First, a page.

By New Times
By Connor Radnovich
By Robrt L. Pela and Amy Silverman
By Ray Stern
By Keegan Hamilton
By Matthew Hendley
By Monica Alonzo
By Monica Alonzo
It's almost tempting to go out and about on a weekend night, leave a bar totally sober (and with nothing else in your system) and lure a few of these bloodsucking, Zell Miller-wanna-be cops into a frustrating non-DUI stop. You know, just act a little goofy, refuse to take all their tests, pass the ones they make you take and see what happens.
Peter Anderson, via the Internet
A victim's outrage: About "How to Commit Attempted Murder, and Get Away With It":
As a victim, I am outraged by your reckless disregard for others' safety. How can you post a cover story about avoiding DUIs while there are more than 17,000 alcohol-related deaths each year in this country -- one every 30 minutes? I am dumbfounded as to why a newspaper would encourage this sort of illegal activity.
Those who choose to drink and drive are not victims of police harassment. Police are there to serve and protect; they keep you and me safe from people who break the law. If you have to suffer the indignity of being pulled over to ensure the safety of me and my family, so be it. I support them 100 percent.
In January of this year, my best friend of 14 years was senselessly slaughtered by a drunk driver. This was not an accident, but a choice that that driver made. My friend was not given the privilege of monitoring how much the woman had to drink. My other best friend lost his father to an impaired driver. Families and loved ones at home suffered their own sentences.
Here are some statistics you failed to use:
Even experienced drinkers are significantly impaired at .08. The results of nearly 300 studies reviewed show that, at .08 blood alcohol content, virtually all drivers are impaired, which includes in critical driving tasks such as divided attention, complex reaction time, steering, lane changing and judgment. And alcohol-related crashes in the United States cost the public an estimated $114.3 billion in 2000.
The real victims of your article are the 17,000-plus individuals murdered every year, not to mention the families and friends left in the wake. No way should this be tolerated, and this should never be encouraged.
Jason Blackstock, Phoenix
MADD money: Great article! Bruce Rushton really told the truth about the DUI situation. It's nothing but a moneymaking racket for police jurisdictions, which are pushed into action by MADD. I notice that even MADD, according to your article, says drivers at .15 and up are the real problem.
But why should these jurisdictions even listen to MADD when they are garnering so damn much revenue out of DUI arrests? A lot of lawyers in Phoenix would go broke if the legal limit were at .10 where it used to be. Thanks for giving us the straight dope.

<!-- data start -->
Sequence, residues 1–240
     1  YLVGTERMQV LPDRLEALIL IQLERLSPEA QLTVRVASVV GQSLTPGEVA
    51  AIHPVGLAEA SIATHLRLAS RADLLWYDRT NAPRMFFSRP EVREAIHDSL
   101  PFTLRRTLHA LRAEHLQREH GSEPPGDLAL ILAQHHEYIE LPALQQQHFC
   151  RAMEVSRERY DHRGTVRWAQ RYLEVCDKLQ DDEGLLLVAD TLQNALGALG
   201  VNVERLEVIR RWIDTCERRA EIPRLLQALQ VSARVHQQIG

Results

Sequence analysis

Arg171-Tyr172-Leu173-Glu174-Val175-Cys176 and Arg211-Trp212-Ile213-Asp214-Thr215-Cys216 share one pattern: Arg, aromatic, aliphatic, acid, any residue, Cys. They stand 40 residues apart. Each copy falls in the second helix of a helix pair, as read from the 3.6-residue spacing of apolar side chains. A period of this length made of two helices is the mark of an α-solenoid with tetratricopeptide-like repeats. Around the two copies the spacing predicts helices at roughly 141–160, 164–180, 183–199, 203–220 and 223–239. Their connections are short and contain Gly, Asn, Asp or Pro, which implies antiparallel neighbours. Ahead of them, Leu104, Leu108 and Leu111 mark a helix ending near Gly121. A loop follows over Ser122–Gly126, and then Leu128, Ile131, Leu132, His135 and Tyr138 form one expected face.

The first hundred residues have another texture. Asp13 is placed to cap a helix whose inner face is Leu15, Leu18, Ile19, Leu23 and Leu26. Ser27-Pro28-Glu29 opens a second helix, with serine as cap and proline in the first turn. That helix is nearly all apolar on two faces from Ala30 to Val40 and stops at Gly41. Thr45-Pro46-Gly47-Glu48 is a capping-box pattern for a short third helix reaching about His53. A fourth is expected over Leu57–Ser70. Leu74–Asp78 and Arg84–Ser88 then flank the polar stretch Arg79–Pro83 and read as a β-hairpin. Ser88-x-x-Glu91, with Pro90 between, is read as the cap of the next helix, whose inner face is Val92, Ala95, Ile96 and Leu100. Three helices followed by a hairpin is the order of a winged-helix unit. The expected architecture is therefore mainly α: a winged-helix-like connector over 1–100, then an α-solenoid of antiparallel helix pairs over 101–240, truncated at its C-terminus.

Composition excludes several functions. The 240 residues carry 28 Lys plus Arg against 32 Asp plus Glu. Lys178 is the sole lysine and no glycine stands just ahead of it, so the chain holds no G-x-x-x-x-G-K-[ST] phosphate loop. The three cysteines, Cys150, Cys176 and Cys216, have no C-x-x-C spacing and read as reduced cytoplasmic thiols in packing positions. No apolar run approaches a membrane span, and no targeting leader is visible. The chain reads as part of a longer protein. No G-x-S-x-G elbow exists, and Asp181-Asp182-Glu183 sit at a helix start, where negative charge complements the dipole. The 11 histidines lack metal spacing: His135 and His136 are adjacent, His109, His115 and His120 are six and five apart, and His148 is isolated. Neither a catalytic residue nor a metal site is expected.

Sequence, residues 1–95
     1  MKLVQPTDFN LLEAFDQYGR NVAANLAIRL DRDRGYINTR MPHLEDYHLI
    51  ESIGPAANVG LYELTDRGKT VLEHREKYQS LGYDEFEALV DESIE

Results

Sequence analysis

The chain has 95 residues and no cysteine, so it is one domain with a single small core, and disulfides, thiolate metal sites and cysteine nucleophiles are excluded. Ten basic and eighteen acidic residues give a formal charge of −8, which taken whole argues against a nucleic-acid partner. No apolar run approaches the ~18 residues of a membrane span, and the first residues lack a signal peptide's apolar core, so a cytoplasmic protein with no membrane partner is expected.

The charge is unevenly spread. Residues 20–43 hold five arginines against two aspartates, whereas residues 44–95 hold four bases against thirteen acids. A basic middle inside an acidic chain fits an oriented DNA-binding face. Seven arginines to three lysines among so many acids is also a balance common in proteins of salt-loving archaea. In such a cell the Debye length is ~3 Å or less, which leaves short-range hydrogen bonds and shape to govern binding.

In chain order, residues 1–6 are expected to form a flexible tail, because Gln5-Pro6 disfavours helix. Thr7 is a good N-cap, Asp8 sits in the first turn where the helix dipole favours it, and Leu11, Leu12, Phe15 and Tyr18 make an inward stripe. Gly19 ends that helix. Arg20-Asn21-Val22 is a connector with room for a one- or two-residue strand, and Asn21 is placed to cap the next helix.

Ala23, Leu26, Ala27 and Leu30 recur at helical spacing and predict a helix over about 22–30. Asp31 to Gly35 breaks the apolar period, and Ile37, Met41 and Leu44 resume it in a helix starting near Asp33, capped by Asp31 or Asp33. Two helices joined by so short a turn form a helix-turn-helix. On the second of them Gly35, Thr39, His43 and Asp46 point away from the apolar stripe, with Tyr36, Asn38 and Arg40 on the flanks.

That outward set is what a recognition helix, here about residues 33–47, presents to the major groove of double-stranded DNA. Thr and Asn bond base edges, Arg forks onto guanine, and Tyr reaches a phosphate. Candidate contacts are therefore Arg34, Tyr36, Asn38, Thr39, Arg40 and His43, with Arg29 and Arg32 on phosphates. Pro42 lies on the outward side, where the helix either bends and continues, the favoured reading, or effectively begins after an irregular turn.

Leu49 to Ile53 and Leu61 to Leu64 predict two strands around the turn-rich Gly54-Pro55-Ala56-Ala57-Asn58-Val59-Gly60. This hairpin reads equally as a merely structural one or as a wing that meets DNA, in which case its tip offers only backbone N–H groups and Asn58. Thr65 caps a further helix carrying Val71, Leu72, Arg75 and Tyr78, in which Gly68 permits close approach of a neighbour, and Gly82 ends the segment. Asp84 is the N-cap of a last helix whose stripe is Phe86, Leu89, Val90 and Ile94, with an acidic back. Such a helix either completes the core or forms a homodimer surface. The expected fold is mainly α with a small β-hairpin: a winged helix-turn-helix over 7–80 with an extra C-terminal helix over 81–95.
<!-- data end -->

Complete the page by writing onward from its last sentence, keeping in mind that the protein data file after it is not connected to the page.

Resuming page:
J.P. Patterson, Phoenix
Sending the wrong message: Considering that every 30 minutes someone in America dies as a result of an alcohol-related accident, I really don't believe that .08 is too low.
I was really shocked when I picked up New Times: "Here's How to Drink and Drive and Get Away With It." It was the first article I flipped to. I didn't feel any better after reading it.
I usually love your paper, and I usually agree with most of the points you make. But I have never read something so irresponsible, inconsiderate and juvenile in your paper. Life isn't one big frat party. If you're not mature enough to admit you can't drive after a night of drinking, you're not mature enough to drink in the first place.
This article has sent completely the wrong message. How many underage readers do you think picked up this paper? How many drunk drivers do you think will now get away free and clear?
You should know better.
Name withheld by request
Vicious cycle: Interesting point that you get in far more legal trouble for drunken driving than for running over (while sober) someone on a bicycle -- even if the cyclist dies. That says volumes about Arizona's DUI laws.
Name withheld by request
And you know this how?: Does God read your stinker rag? I think not! First of all, He doesn't approve of drinking under any circumstances. Secondly, He hates the drunk driver. He also hates liberals like Bruce Rushton. He hates them a lot.
I'm just shocked and outraged at what this world has come to! I'm amazed that the government allows a magazine to print a guide to driving after drinking.
Zell Miller said at the Republican convention that soldiers are responsible for freedom of the press, not reporters. He's sure right! The only thing he might have added is that God had something to do with it, and that's the only reason I'm not for censorship of New Times.
Johnson Henry, Sun City
Fools rush in: Bruce Rushton is a fool, and completely immoral to have written what he did. Children could read this crap and think it's cool to drink and drive. Shame on you, Bruce!
Larry Rogers, via the Internet